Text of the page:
1. You are absolutely right; however I don’t want to marry you. It would be highly awkward since I also am a happily married hetero sexual male being. Naps, naps are good. Why is it that most women I know have trouble with that concept? They just seem to want to work and work and work. Productivity is so much better after taking a good nap next to your dog who was the subject of your last blog! Puppies are even better for exercise because you can chase them around cleaning up after the little messes left behind. Sorry about this rant, you caught me in a mood!

  2. You don’t have to ask me to marry you as long as you say that I am absolutely right about everything, as I said in Point No. 4.

    Which you did.

    That works for me too.

  3. Nice post. I definitely agree with naps, especially in the afternoon. Perhaps that´s just my age though!

  4. [...] out Rule 3 from the Seven Golden Rules for Freelance Translators Who Want To Age Gracefully post by ´patenttranslator´, who seems to agree that a mid translation nap is a good [...]

  5. You are so right about everything!

  6. I know.

  7. [...] Rule No. 1. Always charge at least 1.5 times your usual rate for rush translations. There is no point in charging a cent or two more per word if the resulting stress and aggravation will make you a…  [...]

  8. [...] Rule No. 1. Always charge at least 1.5 times your usual rate for rush translations. There is no point in charging a cent or two more per word if the resulting stress and aggravation will make you a…  [...]

  9. Hi Steve! I wanted to say you are right in everything but it’s already been said :) I caught myself smiling wider and wider as I was reading your post. Thanks for brightening my morning! So far the only rule I am breaking is the one about a dog since we already have a parrot, two hamsters and a turtle in the house :)

    • “So far the only rule I am breaking is the one about a dog since we already have a parrot, two hamsters and a turtle in the house.”

      That sounds like what your kid (kids?) needs.

      What you need, if you want to live a long time and age gracefully, is something that wags its tail at you every time you come home to show total happiness and delight at being in your presence again, and dogs do that best.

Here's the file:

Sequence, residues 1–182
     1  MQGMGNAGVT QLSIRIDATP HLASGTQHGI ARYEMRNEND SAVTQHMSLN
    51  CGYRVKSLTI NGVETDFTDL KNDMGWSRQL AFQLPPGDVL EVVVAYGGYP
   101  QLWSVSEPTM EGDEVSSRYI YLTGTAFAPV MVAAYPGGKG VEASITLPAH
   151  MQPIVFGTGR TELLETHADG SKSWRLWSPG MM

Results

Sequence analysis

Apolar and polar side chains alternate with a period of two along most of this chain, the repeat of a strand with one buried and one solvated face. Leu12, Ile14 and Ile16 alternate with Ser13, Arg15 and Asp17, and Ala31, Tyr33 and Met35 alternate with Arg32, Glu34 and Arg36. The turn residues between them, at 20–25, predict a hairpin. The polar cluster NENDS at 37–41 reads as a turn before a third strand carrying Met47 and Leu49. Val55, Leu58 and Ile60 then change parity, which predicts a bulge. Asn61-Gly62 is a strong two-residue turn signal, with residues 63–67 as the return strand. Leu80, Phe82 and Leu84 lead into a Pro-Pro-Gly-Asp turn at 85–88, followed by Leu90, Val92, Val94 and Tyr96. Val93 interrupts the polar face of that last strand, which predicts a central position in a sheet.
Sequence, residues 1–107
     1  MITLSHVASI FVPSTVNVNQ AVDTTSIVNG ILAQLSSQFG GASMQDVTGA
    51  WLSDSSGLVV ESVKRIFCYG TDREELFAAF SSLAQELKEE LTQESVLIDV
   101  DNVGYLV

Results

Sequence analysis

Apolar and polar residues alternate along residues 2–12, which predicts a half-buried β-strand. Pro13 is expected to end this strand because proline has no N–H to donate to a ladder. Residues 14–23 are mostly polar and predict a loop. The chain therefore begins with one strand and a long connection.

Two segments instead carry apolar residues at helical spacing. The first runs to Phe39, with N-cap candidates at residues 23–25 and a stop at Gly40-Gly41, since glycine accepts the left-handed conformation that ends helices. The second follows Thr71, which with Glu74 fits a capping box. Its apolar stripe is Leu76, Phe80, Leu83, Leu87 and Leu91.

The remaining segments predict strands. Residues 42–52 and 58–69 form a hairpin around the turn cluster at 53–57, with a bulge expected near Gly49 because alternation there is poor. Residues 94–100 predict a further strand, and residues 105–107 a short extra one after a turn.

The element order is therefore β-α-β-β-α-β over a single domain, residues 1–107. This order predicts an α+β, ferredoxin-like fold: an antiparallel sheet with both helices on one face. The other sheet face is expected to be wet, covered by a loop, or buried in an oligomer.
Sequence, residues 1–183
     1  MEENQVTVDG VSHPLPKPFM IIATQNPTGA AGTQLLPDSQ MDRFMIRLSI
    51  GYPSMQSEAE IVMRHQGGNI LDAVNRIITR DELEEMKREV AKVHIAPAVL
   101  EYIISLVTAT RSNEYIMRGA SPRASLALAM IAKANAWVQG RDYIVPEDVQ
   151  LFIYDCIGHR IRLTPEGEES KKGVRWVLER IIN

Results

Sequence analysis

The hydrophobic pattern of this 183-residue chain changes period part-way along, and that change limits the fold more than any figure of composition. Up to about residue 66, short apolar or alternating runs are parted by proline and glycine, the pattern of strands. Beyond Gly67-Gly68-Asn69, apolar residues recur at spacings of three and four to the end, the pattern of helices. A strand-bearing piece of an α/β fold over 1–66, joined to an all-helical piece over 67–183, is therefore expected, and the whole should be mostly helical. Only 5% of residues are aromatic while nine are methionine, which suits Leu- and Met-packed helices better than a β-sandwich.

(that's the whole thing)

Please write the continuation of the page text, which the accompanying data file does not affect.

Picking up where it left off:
10. [...] Rule No. 1. Always charge at least 1.5 times your usual rate for rush translations. There is no point in charging a cent or two more per word if the resulting stress and aggravation will make you a…  [...]

  11. Steve, I’ll be back to you with the topic of aging gracefully in 10 days, after I got the heavy load at moment off.

    But I want to tell you that I find the choice of BB as opening video is a nice choice. It reminds me of my youth. Happy days with the Bebé! Serge is gone, pitty. And BB is still there, aging gracefully. :o)

    • I would not say that BB has aged gracefully. She became a very old woman overnight more than 20 years ago.

      But Sade is aging well. I saw a recent concert of her on Youtube and she has not changed much. Of course, she is still quite young but I have a feeling that she will still be a very beautiful woman in her seventies or eighties.

      • As the Chinese say, “歲月不饒人 (Aging spares nobody).” I am not even sure that I would make it to BB’s age.

        The workload is still growing and it helps me aging disgracefully. Nevertheless, it worths having a life translating, even when one may become old overnight.

        Enjoy the days, young or old. We come to another topic now.

  12. [...] Rule No. 5. Keep learning new things about your chosen language or languages. Scientists agree that for example the onset of Alzheimer’s disease is usually delayed in bilingual people on average by seven years.  [...]

  13. [...] Rule No. 1. Always charge at least 1.5 times your usual rate for rush translations. There is no point in charging a cent or two more per word if the resulting stress and aggravation will make you a…  [...]